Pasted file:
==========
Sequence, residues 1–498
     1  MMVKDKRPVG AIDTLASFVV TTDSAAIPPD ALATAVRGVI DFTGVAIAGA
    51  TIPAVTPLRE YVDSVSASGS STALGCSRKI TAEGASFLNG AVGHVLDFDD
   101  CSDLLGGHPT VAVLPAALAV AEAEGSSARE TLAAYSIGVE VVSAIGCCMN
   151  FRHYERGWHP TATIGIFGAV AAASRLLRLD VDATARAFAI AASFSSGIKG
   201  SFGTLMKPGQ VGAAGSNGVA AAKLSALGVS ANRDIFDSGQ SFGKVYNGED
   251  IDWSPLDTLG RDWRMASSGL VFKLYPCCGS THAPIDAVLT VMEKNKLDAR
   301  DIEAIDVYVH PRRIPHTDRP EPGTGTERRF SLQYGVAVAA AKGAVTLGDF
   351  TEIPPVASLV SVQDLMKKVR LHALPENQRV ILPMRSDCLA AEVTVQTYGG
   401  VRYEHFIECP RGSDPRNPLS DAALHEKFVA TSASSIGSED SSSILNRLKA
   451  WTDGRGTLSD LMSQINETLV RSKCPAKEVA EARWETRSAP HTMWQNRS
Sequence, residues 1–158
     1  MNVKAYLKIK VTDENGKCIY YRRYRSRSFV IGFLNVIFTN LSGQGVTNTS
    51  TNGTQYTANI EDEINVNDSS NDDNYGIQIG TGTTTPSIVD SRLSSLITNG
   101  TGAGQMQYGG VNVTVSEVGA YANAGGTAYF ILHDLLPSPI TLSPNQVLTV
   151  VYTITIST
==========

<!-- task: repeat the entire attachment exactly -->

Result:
Sequence, residues 1–498
     1  MMVKDKRPVG AIDTLASFVV TTDSAAIPPD ALATAVRGVI DFTGVAIAGA
    51  TIPAVTPLRE YVDSVSASGS STALGCSRKI TAEGASFLNG AVGHVLDFDD
   101  CSDLLGGHPT VAVLPAALAV AEAEGSSARE TLAAYSIGVE VVSAIGCCMN
   151  FRHYERGWHP TATIGIFGAV AAASRLLRLD VDATARAFAI AASFSSGIKG
   201  SFGTLMKPGQ VGAAGSNGVA AAKLSALGVS ANRDIFDSGQ SFGKVYNGED
   251  IDWSPLDTLG RDWRMASSGL VFKLYPCCGS THAPIDAVLT VMEKNKLDAR
   301  DIEAIDVYVH PRRIPHTDRP EPGTGTERRF SLQYGVAVAA AKGAVTLGDF
   351  TEIPPVASLV SVQDLMKKVR LHALPENQRV ILPMRSDCLA AEVTVQTYGG
   401  VRYEHFIECP RGSDPRNPLS DAALHEKFVA TSASSIGSED SSSILNRLKA
   451  WTDGRGTLSD LMSQINETLV RSKCPAKEVA EARWETRSAP HTMWQNRS
Sequence, residues 1–158
     1  MNVKAYLKIK VTDENGKCIY YRRYRSRSFV IGFLNVIFTN LSGQGVTNTS
    51  TNGTQYTANI EDEINVNDSS NDDNYGIQIG TGTTTPSIVD SRLSSLITNG
   101  TGAGQMQYGG VNVTVSEVGA YANAGGTAYF ILHDLLPSPI TLSPNQVLTV
   151  VYTITIST